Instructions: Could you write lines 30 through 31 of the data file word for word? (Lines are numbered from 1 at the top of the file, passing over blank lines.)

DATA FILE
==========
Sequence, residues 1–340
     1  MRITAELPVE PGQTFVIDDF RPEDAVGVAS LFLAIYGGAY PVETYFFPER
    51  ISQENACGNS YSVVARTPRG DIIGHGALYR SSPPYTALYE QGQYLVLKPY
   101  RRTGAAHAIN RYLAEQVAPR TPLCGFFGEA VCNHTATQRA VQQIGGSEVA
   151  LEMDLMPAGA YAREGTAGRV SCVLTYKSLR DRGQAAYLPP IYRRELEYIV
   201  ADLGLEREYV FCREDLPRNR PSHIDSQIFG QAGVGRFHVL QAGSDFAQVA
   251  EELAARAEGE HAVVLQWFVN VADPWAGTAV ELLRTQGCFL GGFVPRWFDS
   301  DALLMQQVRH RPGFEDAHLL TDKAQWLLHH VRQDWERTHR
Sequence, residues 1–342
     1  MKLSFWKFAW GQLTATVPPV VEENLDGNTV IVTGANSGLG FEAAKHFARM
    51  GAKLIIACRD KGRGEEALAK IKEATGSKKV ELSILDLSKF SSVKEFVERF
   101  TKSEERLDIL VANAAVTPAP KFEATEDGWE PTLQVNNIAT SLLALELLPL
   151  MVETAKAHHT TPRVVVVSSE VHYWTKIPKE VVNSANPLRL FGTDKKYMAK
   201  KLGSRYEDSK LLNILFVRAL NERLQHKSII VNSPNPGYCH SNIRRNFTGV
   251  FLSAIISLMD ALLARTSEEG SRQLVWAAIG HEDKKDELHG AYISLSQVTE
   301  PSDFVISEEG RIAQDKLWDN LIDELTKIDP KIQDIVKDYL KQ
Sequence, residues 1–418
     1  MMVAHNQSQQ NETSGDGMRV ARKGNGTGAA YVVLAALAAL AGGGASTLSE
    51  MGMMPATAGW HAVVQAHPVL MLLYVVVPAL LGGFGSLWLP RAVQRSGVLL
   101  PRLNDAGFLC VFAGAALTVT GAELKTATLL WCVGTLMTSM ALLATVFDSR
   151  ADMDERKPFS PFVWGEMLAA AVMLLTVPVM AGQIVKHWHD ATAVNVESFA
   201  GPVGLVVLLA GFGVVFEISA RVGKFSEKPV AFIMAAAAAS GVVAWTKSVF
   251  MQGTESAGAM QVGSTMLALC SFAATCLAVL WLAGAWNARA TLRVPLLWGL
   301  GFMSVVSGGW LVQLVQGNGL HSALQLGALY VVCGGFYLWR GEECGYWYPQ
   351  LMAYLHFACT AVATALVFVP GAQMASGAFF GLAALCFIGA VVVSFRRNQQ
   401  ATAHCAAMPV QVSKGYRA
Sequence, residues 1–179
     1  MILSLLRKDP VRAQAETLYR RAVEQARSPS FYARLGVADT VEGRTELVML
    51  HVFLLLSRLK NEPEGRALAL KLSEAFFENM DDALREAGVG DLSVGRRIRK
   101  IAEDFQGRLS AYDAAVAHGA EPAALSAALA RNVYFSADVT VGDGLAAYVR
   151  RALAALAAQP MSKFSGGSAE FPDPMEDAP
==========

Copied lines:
   101  IAEDFQGRLS AYDAAVAHGA EPAALSAALA RNVYFSADVT VGDGLAAYVR
   151  RALAALAAQP MSKFSGGSAE FPDPMEDAP